Lets go back to when you were 16,you traveled to New York City with a rock band which you co-founded with Jorge Calderon entitled The Living End, AKA: Space, can you tell us about who else was in the band
I was having the time of my life playing jazz at 14 with the top players in the island. They were the real deal and in that 1962 summer we were playing every night at one of the most popular cabarets when one night guitar player/singer Jorge Calderon who I barely knew, came up to me to ask me if I was interested in forming a rock band. At the time Jorge and the drummer Amaury Lopez had been fooling around with the idea of forming a band. Amauri was a great drummer for the band – I could say perfect! In the end his downfall was that he was attracted to fast cars (under the influence) and was also prone to accidents – a bad combination. So he eventually hurt himself to the point where he could’t play and became a Math teacher in NY, to this day.
At the time there was a bassist, Osvaldo Torres, but he was eventually replaced by Roberto Puras. Puras later survived being shot indiscriminately by a drive by shooting as he was coming out of a club in San Juan.
While I was working with the jazz band at one of the cabarets, I had met a girl who was one of the dancers on the review (The Paper Dolls) at the same club we were playing. Her name was Diana Costello and she was older than I, but she became my fiancé and we had plans to marry. She was the female singer with The Royal Teens on their 1957 hit song “Who wears short shorts” and became the first female singer with our new band, at least for the first year. Fortunately my dear friend Jack Rieley, talked me into not marrying – I was only 16 and she was 24!
Then came Tessy Coen, she was one of the lead singers and she also played the congas.
This is how we met her: One time back home in San Juan sometime around 1964, we were a quartet and we were playing a gig at a very popular club called The Scene Au Go Go were we were the house band. Although we were a rock band, the song The Girl From Ipanema had just become very popular so we went ahead and played it instrumentally. All of the sudden this incredibly beautiful female voice singing the lyrics along came out of nowhere! During the break we found out that this young black beautiful girl, Tessy, was singing it from the DJ booth way across the room. From then on she became part of the band.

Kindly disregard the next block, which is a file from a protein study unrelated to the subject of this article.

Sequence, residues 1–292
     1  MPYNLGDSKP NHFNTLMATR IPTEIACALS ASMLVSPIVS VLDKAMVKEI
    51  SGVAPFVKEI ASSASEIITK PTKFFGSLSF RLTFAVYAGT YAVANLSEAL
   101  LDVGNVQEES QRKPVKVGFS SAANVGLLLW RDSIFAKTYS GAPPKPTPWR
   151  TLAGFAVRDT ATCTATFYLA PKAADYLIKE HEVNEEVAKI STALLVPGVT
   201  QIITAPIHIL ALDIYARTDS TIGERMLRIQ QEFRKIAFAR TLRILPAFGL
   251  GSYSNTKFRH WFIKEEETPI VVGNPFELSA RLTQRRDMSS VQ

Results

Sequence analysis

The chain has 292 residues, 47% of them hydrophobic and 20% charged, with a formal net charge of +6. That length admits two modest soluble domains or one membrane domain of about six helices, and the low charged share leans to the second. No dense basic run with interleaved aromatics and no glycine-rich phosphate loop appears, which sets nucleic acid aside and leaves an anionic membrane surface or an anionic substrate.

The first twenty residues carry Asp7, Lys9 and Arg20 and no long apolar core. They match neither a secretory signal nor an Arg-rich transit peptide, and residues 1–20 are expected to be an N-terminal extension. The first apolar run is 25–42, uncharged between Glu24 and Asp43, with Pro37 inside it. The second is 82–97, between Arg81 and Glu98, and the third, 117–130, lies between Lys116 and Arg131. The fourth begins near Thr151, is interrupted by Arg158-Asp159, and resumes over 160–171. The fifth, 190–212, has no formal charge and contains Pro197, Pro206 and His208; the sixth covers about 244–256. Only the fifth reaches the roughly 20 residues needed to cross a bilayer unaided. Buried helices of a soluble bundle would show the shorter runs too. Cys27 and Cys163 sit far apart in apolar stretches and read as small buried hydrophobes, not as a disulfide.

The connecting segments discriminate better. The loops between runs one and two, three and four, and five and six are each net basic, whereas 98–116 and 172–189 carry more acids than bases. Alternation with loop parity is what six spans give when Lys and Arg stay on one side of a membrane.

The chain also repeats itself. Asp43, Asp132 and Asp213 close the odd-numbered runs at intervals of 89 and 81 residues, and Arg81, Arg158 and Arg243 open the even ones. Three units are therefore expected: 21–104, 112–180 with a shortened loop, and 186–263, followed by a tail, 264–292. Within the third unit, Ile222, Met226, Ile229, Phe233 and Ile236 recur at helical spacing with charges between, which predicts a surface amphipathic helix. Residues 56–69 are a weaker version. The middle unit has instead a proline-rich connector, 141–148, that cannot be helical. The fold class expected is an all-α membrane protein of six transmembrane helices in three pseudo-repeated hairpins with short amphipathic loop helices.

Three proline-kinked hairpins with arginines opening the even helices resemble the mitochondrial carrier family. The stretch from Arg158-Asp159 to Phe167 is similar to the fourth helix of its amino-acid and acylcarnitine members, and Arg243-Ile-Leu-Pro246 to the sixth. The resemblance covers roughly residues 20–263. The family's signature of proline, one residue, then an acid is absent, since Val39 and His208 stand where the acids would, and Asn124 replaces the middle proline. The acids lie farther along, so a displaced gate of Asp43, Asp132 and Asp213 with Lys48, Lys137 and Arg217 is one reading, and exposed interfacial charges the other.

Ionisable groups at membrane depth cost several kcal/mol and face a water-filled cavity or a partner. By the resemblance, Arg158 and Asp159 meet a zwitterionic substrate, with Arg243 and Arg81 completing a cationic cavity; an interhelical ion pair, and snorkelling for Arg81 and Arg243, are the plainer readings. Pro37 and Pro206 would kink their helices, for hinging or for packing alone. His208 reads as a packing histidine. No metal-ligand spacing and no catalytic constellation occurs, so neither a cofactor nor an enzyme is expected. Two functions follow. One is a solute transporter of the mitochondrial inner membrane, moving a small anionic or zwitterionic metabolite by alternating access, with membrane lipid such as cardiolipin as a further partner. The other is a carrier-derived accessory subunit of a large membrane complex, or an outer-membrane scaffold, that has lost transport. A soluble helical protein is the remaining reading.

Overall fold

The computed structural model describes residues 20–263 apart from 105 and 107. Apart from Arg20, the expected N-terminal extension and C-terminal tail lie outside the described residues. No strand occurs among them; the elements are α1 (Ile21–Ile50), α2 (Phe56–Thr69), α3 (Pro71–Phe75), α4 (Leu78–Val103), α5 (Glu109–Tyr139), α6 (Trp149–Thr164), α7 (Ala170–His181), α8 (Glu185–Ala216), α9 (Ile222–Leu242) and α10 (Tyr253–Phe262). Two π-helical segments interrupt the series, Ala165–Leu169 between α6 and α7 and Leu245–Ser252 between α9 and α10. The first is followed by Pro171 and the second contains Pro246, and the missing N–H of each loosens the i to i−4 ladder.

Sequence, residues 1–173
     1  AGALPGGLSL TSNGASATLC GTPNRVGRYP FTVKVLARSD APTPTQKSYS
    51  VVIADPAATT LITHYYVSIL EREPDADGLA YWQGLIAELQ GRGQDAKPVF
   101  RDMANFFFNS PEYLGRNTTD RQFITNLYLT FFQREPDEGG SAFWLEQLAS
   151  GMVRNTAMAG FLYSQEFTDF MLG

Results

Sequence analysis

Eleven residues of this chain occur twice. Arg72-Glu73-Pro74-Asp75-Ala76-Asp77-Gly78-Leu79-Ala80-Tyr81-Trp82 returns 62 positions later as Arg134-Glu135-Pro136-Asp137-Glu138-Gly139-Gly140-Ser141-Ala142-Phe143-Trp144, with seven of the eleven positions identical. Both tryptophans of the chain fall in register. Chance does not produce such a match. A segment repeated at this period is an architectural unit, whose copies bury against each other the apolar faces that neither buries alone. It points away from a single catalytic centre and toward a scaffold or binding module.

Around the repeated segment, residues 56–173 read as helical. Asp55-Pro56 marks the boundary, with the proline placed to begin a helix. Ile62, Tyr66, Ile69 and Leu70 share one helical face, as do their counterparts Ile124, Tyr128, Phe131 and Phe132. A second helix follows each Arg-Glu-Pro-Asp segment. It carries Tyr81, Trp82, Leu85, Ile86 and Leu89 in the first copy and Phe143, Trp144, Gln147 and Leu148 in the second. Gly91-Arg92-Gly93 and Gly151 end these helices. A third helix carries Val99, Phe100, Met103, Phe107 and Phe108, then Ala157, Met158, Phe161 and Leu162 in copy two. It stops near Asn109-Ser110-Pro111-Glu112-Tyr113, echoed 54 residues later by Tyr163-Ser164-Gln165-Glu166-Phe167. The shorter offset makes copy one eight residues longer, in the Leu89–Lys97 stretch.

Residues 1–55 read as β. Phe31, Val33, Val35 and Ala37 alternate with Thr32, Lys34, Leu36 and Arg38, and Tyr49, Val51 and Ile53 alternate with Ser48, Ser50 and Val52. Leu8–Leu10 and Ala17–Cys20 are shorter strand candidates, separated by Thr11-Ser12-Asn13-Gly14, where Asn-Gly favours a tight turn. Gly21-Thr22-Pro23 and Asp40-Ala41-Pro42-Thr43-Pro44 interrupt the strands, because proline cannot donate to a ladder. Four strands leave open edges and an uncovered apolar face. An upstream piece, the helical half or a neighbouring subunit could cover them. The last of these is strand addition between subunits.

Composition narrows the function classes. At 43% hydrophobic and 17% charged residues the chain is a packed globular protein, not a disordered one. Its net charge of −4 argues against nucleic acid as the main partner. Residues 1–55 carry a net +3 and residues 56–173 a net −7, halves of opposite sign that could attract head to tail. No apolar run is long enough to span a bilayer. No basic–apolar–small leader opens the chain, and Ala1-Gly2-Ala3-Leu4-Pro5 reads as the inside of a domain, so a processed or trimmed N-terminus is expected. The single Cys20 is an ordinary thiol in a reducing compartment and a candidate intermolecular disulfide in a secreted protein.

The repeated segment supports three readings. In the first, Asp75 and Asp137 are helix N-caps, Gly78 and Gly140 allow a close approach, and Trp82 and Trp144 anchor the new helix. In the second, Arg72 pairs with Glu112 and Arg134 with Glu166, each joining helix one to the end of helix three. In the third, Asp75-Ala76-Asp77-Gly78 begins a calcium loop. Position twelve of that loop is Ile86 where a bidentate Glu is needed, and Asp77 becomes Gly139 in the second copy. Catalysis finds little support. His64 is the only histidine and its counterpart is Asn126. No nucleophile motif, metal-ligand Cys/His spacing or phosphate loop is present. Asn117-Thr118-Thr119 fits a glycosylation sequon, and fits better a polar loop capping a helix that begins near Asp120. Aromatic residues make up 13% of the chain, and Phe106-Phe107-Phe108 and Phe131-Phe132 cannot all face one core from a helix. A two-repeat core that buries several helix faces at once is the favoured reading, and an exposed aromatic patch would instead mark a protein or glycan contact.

Lead guitar/lead singers Billy Soto, was the last to join. He came from another early rock band called The Sunset. Last I heard he was living and possibly playing in the San Francisco Bay area – he is (was) a fantastic singer!
NYC was a peak experience! We got very popular very quickly and also very obliviated! We had been experimenting with LSD extensively from when we were in San Juan and later in St. Thomas and being in NYC added to the medicine cabinet. We were highly creative but green in some respects – we were great live band, but had very little experience in the studio. We were signed by Capitol Records and thrown into a recording studio with no direction. Capitol assigned us a producer, Shadow Morton (Janis Ian) who was more intoxicated than we were and never showed up at the studio, so we did what we did. The album was called Space and eventually shelved for lack of followup of any kind. By the time we had finished the album we had been living together a little too long and started having personality issues that drove us apart.